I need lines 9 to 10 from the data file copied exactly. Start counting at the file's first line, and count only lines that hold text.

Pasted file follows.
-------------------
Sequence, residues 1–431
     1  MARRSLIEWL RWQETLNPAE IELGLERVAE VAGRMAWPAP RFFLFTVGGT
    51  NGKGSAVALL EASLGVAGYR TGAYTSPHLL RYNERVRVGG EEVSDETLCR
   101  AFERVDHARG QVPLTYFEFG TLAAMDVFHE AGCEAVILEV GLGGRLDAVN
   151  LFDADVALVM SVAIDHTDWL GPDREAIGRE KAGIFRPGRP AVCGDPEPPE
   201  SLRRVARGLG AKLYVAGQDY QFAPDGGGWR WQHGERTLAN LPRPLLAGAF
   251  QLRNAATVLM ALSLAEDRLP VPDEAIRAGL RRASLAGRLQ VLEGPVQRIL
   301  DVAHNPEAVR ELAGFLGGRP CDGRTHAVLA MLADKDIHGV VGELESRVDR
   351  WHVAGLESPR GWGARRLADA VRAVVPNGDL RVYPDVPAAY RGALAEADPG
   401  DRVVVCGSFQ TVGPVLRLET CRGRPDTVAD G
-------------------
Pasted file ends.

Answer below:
   351  WHVAGLESPR GWGARRLADA VRAVVPNGDL RVYPDVPAAY RGALAEADPG
   401  DRVVVCGSFQ TVGPVLRLET CRGRPDTVAD G